Additive manufacturing can be the automated factory of the future, Crump said. “We churn out thousands of parts and assemblies daily with a couple of operators. It is clean, efficient, and flexible. We can be making a toy in the morning and an airplane part in the afternoon. We work 24/7, in three shifts, providing instant online quotes and quick turns.”
With Fused Deposition Modeling (FDM) technology, “the only limit is your imagination. These machines move manufacturing onto the desktop. The process is clean and easy to use, and offers many prices, resins, plastics, and metals.” They are even being used by artists and fashion designers. “Welcome to a 3D world. We’re passionate about the value of that.”
Bre Pettis, CEO of MakerBot Industries, helped make 3D printing affordable and accessible. Sharing reflections on the next industrial revolution, he said that MakerBot users are changing the world. He also noted, without presenting details, “Scott and I just inked a deal to join forces.” The deal, announced June 19, 2013, merges MakerBot into a Stratasys subsidiary in a stock-for-stock transaction worth up to $604 million, depending on performance, and expected to be completed during third-quarter 2013, “subject to regulatory approvals and other conditions customary for such transactions,” the companies’ statement said. MakerBot reported first-quarter 2013 revenue of $11.5 million, compared to $15.7 million for all of 2012.
Pettis said, “When you fix and make things, chemicals are released in your brain that make you happy,” although, he added, seemingly with personal knowledge, “Never put a random button on a cocktail-mixing robot.”
On MakerBot’s Thingiverse.com site, creators share their work and get recognized. There are 80,000 designs there, half added in the last 90 days.
What they’ve made
The MakerBot Customizer allows those who do know SolidWorks or AutoCAD to design their own iPhone case. Also, there is the Duplo brick to Brio track adapter, an obvious need for those who like a hands-on toy train experience.
Users of MakerBots include:
Pettis, Crump question each other about 3D design, small business
Pettis asked Crump about the early versions of the Stratasys machines.
“We had obstacles in explaining the early machines to people,” Crump replied. “I would go into a mechanical engineering office. They understood what I was saying, but at that time it was not the accepted norm to do all design in the computer. I had a lot of really short meetings.”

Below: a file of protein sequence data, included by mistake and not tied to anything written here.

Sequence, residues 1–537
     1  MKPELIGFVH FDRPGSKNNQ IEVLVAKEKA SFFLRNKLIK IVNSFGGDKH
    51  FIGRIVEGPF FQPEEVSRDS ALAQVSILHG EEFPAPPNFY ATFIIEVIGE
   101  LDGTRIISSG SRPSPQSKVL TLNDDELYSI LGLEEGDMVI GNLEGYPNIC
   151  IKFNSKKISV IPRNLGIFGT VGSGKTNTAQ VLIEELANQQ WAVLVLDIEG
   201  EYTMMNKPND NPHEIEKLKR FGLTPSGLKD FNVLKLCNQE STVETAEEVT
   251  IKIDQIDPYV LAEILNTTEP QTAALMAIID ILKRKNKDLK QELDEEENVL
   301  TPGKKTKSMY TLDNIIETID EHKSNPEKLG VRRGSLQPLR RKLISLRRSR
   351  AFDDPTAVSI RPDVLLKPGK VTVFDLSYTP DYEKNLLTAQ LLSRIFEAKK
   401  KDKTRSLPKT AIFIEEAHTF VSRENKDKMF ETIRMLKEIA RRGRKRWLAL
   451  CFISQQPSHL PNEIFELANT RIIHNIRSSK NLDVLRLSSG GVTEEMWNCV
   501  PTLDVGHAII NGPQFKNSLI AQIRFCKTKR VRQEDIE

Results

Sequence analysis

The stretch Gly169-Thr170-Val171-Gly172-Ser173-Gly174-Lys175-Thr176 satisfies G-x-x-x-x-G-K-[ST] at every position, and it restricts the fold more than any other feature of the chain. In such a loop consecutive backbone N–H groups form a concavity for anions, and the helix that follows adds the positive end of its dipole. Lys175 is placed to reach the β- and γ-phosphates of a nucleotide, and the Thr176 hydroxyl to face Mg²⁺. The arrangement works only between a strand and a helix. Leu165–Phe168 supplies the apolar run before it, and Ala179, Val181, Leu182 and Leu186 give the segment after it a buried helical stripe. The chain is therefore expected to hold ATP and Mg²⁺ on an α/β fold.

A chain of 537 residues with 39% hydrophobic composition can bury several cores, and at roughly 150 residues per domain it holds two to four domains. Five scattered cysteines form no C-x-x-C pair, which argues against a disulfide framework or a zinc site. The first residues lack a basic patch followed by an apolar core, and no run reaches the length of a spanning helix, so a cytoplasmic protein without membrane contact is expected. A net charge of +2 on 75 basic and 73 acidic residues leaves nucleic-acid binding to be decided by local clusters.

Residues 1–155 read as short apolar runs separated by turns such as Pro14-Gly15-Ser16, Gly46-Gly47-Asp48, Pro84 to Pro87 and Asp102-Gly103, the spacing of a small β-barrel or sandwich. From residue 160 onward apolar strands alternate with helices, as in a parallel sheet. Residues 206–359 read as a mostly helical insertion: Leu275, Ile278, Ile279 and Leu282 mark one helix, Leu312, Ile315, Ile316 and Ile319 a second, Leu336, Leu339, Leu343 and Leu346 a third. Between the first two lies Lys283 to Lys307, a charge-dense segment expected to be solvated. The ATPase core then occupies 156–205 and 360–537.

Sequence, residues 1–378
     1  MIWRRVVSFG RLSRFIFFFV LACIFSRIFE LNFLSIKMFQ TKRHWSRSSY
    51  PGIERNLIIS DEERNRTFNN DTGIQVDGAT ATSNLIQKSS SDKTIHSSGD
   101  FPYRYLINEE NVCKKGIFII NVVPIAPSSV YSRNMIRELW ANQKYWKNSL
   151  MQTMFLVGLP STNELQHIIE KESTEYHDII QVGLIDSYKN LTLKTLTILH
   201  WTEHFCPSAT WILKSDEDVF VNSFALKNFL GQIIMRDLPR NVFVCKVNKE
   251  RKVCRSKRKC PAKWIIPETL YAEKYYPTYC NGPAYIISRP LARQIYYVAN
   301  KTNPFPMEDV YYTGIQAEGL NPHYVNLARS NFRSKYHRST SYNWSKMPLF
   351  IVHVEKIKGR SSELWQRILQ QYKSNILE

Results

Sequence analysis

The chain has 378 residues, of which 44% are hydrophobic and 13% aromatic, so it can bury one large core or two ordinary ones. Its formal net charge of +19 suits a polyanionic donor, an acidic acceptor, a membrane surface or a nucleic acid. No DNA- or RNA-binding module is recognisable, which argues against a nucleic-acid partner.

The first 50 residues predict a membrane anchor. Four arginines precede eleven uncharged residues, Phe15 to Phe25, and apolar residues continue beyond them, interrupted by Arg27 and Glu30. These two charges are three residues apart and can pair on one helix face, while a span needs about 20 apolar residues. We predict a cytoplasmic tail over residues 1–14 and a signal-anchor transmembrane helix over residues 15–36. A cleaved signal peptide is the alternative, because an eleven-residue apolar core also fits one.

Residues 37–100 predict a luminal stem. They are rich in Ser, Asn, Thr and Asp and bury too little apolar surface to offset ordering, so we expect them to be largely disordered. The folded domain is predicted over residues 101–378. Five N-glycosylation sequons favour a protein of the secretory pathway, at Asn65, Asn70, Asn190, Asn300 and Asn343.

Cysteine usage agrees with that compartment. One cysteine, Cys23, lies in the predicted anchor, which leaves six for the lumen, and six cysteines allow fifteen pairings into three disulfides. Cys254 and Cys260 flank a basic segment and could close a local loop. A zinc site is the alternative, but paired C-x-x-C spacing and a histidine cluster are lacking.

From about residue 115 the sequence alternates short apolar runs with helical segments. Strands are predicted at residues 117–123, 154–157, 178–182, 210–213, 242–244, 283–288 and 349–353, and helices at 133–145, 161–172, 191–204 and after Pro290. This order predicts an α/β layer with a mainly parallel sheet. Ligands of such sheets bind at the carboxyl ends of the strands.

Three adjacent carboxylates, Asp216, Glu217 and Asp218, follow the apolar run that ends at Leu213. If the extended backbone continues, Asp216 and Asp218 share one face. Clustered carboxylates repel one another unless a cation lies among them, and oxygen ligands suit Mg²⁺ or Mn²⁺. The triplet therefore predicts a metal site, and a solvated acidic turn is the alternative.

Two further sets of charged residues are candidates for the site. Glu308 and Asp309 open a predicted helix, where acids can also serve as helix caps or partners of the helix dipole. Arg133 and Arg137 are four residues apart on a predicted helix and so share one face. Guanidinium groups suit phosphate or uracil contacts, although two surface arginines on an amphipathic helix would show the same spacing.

Crump said that while the passion remains, in the early days, it was all passion about building the machines, as opposed to building the company. “My wife reminded me of the need to make money.”
Crump, addressing Pettis, noted, “Your early kit had a frame of wood. That was genius. We did same thing. With Formica. It sold for $250,000. Interestingly enough, wood burns. And there’s a heating element in box. ABS plastic is fuel. The original models did smoke a few rooms. No one died or went to jail. It was not disaster, but there was definitely a learning curve involved.”
Crump asked, “Why did you offer your first machines as kits?”
“Part of it,” Pettis replied, “was that we didn’t have manufacturing capabilities. We were three guys with a laser cutter and a dream. If we were engineers, we’d still be on the prototype. The kit included the box, a board, a sandwich bag of components, silver solder, and instructions explaining how to burn the board in a toaster oven. The first 200 MakerBot buyers were pioneers. We figured if customers could put it together and it breaks, they’ll know how to fix it. When we started sending fully assembled machines, some early customers said they wanted to put them together themselves.”
Pettis continued, explaining that it took awhile to get used to the manufacturing world. “We found the stepper motors we wanted to buy. Placed our order, wanted to buy more, and were told that we bought them all. We didn’t think that was possible. To complicate things, they had a 6-week lead time. And they were going on a 6-week vacation.”
“Any advice for other start-up companies?” Crump asked.
“Yes,” Pettis said. “If you run a small business, I recommend getting to this point as quickly as possible. Hire professionals who know what they’re doing and have done it before. That way, you can more easily get to the point of shipping hundreds per day, instead of 20 a month.”